While we’re waiting for this auction to end, let me digress into a parallel story. I said earlier that, as a kid, heroes are important to our growth and development. I also believe that heroes are important to us as adults for very similar reasons. As kids, we idolize certain people and imagine ourselves as those folks, doing what they do, seeing what they see. As a teen, I surrounded myself with the music and the other assorted trappings of many of my drum heroes, Vinnie Colaiuta being the biggest one. I now believe those were a driving force behind building the life and career I have now. I have yet to learn to play drums as well as my heroes, but their fingerprints are all over my life and musical faculties. As adults, we tend to abandon hero worship, but I believe that we should not let go of this practice. We should, instead, shape that energy into something more useful and pragmatic.
All too often, individuals building a career as creative professionals are guilty of trying to completely “reinvent the wheel”. In planning their career paths and making decisions about their futures, creative people put a lot of undue pressure on themselves to create something that doesn’t yet exist as if conjuring a material object from some formless ether. They spend (and worse, waste) large amounts of time and energy trying to synthesize outcomes or create tangible results that are completely original or without equal. But as creative humans, we are formed and shaped by things that are anything but original. We speak a language that existed before we first uttered its sounds. We learn skills that are rooted in principles which were in place long before we took interest in them. We are informed by the context of the creative work that others have already completed and left for us to appreciate, dissect, and/or study.
In that sense, nothing is ever truly original. If it were, our human minds would not have the context or informed point of view to understand it. Many times, the general public will reject new art or other creative endeavors simply because it lacks the sense of context that something familiar provides… I could talk for hours on that topic, but for now, let’s stay focused on this one.
In putting together a direction for my own career development or musical growth, I often use what used to be thought of as “hero worship” as a guide for constructing my plans and strategies. In doing so, I use the examples of successful people who came before me as a template or blueprint for my own endeavors. By combining the blueprints of a select handful of successful creative artists and businesspeople, sifting out the most salient, applicable points that resonate with me, and reassembling those puzzle pieces into a picture that makes sense for my own career, I find that I am able to begin constructing steps and actions that are rooted in tried and true methodology. This all then becomes the framework onto which I start crafting and pinning my own creative ideas. In doing this for more than 20 years, I have found that many of my creative ideas and far more of my business decisions turn out successful. My batting average is far from flawless but I have gotten “on base” far more times that I have “stuck out swinging”.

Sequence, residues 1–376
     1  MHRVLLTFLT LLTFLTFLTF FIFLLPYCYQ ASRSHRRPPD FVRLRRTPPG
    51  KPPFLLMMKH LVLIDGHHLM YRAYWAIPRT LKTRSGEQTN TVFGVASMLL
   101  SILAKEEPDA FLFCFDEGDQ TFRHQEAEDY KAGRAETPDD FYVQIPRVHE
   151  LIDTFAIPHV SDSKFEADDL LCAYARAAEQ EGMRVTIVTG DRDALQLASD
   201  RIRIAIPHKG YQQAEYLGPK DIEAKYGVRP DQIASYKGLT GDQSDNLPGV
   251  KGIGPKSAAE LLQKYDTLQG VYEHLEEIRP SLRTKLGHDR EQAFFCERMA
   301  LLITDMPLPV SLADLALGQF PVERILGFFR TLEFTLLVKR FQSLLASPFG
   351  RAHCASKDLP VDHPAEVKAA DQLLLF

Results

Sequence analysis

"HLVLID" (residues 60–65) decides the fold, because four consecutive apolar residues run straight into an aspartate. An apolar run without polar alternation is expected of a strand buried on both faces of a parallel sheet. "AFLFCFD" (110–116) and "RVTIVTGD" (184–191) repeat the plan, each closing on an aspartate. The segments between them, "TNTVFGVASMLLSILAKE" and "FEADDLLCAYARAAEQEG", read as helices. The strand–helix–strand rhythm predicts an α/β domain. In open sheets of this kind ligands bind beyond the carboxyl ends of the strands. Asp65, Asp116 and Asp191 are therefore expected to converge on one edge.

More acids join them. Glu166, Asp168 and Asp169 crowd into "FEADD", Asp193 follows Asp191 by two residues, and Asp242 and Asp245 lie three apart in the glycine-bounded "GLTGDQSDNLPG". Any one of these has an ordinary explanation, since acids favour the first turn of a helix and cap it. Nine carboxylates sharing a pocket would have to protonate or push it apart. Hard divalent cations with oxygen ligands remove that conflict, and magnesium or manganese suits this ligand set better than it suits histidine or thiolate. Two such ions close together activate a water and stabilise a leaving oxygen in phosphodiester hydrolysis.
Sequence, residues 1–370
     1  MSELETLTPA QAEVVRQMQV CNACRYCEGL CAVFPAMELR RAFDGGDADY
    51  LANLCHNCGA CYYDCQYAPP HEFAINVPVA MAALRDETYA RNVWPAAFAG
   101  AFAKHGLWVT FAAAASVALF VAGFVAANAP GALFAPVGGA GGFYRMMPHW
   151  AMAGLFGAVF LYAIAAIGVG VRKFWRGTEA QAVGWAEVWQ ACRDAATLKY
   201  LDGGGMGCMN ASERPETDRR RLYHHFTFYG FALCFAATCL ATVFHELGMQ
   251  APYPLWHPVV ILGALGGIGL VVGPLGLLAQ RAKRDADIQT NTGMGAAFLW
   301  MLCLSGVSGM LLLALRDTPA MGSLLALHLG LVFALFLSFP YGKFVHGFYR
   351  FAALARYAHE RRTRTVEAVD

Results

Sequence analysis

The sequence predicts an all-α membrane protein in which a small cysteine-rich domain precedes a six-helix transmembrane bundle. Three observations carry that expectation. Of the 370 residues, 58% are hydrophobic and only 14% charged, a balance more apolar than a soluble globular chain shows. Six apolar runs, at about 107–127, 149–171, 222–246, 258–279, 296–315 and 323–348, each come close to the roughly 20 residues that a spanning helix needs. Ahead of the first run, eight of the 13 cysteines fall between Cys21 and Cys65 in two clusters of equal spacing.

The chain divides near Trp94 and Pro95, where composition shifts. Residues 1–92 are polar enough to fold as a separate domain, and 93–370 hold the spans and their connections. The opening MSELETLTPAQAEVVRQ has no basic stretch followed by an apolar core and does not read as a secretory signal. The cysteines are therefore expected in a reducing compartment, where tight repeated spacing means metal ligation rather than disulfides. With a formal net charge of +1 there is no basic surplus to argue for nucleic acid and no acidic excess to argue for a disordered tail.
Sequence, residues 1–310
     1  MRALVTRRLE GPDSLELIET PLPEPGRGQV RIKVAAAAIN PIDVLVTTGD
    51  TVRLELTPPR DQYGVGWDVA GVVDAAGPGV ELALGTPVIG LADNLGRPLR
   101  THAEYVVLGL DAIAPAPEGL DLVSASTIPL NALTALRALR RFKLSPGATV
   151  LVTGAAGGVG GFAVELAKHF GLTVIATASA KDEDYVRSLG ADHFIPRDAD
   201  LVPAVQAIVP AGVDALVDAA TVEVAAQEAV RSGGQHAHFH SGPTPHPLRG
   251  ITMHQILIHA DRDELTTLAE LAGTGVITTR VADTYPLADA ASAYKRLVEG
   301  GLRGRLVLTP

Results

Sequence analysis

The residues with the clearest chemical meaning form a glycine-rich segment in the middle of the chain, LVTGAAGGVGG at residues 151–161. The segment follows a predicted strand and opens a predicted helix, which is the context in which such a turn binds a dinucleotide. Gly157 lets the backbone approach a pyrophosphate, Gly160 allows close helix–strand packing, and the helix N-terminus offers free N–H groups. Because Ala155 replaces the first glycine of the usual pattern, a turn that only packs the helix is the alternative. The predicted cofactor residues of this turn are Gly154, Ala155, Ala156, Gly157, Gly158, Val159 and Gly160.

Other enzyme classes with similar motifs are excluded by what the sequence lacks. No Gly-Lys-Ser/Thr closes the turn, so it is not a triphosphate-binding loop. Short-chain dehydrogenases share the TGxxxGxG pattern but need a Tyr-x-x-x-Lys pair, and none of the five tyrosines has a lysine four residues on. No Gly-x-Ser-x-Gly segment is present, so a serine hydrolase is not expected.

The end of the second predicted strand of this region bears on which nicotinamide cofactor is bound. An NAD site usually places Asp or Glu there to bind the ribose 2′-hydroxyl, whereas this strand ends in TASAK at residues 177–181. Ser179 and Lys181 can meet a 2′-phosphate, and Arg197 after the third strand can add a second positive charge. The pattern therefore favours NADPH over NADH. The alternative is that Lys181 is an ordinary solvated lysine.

In more recent years, one of my musician templates has been an LA-based drummer named Russ Miller. I have been a long-time fan of Russ’s recorded work, an admirer of his educational endeavors, and an owner of several products that he has created (including Yamaha’s SubKick bass drum “microphone”). With the help of a couple of local drummer friends, I spent some time a few years ago dissecting Russ’ career trajectory and have used a lot of what I learned in crafting the specifics of my career plans for the next 5-10 years. Though the specifics of my plans are very different from what you will find in Russ’s history, many of the general qualities and earmarks of his past work are a part of my own current career blueprint.
To further extend this case study, almost 8 weeks ago, I took the natural “Next Step” of enrolling in Russ’s new online video instruction and mentoring program (which can be found at www.DrumAndPercussionUniversity.com). I am happy to report that those video lessons are terrific. The information in the 50+ hours of instructional videos that I’ve already downloaded and sifted thorough contain the kind of practical knowledge that every drummer needs to learn to become a high skilled, musically centered professional musician. I would recommend this course to any drummer, no matter what his or her level technical skill or tangible career success.
This process of “Templating” has been an incredible tool in my personal musical growth and professional business development. Over the past 20+ years, it has generated all sorts of supercharged, kinetic energy that, in turn, bring interesting situations and lucrative opportunities directly to my doorstep. As you are about to see, this in-depth examination of exceptional professionals like Russ Miller is also a great catalyst for some unique and happy “accidents”.